Where in the Torah does it mention doing good deeds? Are these the 216 Mitzvahs?
Let us make sure that we are speaking the same language. The word ‘mitzvah’ – מצוה – is often incorrectly translated as ‘good deed’. That is wrong. The root of the word is TZ-V-H, צ-ו-ה, which is a command. Good deeds are ambiguous; often based on each of our own fallible and malleable consciences. A mitzvah is something that God commands us to do whether or not we agree with, sympathize with, or understand His request.
As an example, it is a mitzvah to love your friend (the word friend isn’t a great translation of the Hebrew either): Leviticus 19:18. It is also a mitzvah not to wear something made of a combination of wool and linen: Leviticus 19:19. You can see that some mitzvot (the plural) are more popularly quoted than others. There are 7 mitzvot, commandments, that are incumbent on all human beings. These are known as the 7 Mitzvot of the sons of Noah – in other words, everyone. These include setting up a court system, avoiding sexual immorality, and not murdering.
Jews, as a group, have 613 commandments. In practical terms, no one is obligated with all 613. Some are only for men, others only for women. Some only apply while living in the land of Israel, others only when the Temple is standing. Some only apply to descendants of Aharon (Aaron) while others apply only to farmers. Some apply only in certain situations, for example when you build a building with a roof or when you go to war. Nonetheless, there are quite a number of commandments, both positive ones (do) and negative ones (don’t) that apply to all Jews today.
Most of us fall short at keeping all the commandments incumbent upon us. Doing so requires study of what they actually mean as well as exerting great discipline over ourselves. We fail because we are human. What is less acceptable is when people tout certain commandments (often at face value), such as, “be kind to the stranger,” while explaining that other commandments, such as wiping out the memory of Amalek, are irrelevant and wrong. The first type of person is inconsistent; the second type is dishonest. We don’t get to pass judgment on God, applauding Him when we like what He says and dissing Him when we don’t.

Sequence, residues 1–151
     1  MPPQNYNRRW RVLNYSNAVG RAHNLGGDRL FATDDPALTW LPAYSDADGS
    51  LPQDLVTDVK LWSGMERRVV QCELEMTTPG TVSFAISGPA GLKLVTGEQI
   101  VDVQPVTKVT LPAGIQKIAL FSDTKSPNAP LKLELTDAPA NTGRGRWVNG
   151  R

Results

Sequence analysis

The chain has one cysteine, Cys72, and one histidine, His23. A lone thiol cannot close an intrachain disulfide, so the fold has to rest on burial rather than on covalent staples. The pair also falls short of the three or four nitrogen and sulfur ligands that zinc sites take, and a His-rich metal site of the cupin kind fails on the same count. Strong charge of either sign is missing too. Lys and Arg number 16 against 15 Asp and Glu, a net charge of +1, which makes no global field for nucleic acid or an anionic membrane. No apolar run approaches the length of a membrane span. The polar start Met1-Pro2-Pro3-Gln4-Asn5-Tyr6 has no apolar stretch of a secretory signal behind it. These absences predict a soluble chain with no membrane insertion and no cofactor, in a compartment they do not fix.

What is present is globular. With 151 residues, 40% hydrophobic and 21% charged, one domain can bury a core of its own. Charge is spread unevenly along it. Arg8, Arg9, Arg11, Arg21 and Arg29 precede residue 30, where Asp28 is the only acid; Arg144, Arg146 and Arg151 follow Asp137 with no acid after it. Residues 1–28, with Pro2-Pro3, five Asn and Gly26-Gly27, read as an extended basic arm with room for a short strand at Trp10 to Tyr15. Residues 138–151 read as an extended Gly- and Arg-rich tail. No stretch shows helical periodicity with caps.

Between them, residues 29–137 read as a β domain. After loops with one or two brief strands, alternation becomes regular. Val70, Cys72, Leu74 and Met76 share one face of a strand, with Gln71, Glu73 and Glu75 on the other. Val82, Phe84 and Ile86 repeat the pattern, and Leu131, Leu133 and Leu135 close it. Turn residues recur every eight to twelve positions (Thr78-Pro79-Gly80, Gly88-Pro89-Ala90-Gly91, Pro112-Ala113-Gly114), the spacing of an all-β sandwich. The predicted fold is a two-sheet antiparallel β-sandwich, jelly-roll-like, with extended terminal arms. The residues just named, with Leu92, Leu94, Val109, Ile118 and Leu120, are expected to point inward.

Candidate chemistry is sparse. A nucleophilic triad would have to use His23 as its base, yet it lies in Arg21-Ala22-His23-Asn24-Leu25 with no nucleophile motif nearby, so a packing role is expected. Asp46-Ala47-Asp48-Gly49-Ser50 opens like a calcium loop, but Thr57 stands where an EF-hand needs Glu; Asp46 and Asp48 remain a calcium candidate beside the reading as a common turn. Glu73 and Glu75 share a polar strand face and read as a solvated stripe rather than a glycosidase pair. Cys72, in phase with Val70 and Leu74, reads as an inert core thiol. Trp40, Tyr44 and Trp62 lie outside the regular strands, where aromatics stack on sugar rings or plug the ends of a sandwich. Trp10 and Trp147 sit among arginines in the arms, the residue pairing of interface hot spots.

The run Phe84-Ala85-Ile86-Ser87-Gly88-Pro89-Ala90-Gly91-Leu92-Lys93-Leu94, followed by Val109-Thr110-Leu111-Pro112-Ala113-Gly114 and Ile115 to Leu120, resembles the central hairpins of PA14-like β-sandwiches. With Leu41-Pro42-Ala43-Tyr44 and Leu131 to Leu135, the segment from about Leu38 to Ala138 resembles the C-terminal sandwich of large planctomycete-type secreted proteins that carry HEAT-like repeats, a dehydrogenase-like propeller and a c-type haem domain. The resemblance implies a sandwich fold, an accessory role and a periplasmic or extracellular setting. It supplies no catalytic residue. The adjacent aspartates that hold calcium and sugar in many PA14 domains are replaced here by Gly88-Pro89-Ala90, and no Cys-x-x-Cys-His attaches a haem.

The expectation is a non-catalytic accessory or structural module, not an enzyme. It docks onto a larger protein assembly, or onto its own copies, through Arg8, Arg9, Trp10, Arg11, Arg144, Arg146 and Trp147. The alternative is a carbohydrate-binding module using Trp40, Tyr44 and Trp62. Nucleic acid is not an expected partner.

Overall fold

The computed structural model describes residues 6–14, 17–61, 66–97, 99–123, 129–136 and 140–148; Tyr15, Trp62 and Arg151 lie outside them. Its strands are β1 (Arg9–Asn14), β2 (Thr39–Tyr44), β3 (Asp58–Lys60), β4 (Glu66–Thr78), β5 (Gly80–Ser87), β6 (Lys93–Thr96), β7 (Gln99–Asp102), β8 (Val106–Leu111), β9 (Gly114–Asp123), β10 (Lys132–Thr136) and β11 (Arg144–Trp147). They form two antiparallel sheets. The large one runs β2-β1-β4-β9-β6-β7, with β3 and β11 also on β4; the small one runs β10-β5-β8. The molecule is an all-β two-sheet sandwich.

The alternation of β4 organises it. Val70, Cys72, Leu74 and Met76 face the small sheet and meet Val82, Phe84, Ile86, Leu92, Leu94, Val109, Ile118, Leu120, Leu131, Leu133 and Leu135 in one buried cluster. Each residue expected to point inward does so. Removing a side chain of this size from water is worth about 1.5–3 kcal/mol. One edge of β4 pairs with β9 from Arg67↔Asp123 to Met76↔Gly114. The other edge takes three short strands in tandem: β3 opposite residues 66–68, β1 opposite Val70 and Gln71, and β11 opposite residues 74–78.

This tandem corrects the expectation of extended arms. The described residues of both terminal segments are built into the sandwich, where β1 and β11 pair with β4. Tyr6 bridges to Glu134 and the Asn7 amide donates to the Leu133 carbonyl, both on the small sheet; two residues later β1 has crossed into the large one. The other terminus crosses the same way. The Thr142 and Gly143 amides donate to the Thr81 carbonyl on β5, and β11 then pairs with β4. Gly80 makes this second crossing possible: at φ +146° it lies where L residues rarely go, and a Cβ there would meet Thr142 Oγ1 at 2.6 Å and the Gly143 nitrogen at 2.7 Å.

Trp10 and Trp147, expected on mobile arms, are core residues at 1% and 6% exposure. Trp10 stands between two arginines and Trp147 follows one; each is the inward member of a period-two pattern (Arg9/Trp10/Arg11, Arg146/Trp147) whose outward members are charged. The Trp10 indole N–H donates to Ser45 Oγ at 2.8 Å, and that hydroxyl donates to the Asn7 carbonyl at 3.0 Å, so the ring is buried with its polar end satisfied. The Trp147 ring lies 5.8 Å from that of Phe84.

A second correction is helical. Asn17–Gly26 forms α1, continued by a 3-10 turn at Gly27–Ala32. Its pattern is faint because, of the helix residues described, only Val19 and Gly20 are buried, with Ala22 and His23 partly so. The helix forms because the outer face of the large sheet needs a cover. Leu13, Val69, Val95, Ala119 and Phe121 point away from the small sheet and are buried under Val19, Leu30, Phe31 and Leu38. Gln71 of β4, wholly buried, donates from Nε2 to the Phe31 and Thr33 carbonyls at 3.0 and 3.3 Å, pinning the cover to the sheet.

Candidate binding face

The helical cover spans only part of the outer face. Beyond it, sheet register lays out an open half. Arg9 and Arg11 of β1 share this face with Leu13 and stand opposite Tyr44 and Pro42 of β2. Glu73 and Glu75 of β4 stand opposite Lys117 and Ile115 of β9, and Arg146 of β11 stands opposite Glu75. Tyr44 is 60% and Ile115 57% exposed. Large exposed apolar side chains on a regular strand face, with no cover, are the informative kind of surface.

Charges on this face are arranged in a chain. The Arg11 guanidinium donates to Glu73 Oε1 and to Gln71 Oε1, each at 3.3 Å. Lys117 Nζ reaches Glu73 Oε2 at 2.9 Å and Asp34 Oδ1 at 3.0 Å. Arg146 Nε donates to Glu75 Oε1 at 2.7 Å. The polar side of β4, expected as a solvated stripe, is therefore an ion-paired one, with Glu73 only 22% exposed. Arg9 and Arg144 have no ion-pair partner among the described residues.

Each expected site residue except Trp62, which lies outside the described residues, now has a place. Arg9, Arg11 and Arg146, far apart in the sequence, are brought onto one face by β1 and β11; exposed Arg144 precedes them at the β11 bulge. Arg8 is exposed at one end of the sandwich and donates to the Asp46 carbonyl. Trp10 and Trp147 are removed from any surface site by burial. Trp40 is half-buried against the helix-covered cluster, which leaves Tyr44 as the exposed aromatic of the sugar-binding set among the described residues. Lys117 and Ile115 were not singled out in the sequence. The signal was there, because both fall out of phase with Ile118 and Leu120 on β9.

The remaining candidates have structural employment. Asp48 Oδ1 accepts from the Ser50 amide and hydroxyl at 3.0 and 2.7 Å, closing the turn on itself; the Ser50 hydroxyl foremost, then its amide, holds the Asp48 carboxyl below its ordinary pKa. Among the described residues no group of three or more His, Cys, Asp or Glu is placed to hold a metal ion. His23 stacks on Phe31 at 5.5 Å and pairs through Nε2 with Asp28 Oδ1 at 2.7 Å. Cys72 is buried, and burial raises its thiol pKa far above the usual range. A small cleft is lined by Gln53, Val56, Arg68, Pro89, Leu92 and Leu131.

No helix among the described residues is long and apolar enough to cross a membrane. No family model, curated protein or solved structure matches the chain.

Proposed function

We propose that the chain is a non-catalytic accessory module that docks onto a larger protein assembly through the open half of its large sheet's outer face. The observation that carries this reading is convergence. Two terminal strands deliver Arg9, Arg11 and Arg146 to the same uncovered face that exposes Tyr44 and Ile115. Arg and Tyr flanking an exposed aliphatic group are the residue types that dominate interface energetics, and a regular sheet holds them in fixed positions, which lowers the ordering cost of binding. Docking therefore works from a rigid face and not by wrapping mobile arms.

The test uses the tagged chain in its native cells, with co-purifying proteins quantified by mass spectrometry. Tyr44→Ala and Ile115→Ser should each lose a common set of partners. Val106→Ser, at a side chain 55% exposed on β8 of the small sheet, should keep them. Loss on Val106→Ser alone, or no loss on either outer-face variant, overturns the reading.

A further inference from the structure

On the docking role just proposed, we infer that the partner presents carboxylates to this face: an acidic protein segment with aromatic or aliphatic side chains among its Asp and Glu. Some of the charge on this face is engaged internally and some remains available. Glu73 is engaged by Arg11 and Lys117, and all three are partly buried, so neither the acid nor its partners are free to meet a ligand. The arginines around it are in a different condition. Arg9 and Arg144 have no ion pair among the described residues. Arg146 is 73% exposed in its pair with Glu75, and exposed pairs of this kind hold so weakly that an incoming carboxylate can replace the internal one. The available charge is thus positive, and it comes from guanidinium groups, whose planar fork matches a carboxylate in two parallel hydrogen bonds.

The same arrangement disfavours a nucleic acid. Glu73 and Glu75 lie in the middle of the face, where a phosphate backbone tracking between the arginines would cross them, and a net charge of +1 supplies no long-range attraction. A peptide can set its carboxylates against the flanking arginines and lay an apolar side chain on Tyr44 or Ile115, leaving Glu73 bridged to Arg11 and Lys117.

It reminds us of what the security guard watching over a priceless work of art by Michelangelo said to the tourist who was trying to make up his mind about the painting: “Sir, when you stand in front of the Mona Lisa, she is not on trial, you are!”
To sum up, God gets to decide what a mitzvah is, not us. When we do CH-S-D, translated loosely as kindness, we are only doing so if we are not disobeying any of the mitzvot – commandments – in the actions we are taking.
Hope this clears things up a bit,
Rabbi Daniel and Susan Lapin
This Ask the Rabbi is dedicated in memory of Doron and More Meyer, ages 58 and 17, a father and daughter who were murdered together on October 7, 2023.
With prayers for the safe release of Ella and Dana Elyakim, ages 8 and 15, who were taken hostage on October 7, 2023, as their father was murdered. May they be returned to their family and people along with the rest of those who were kidnapped.
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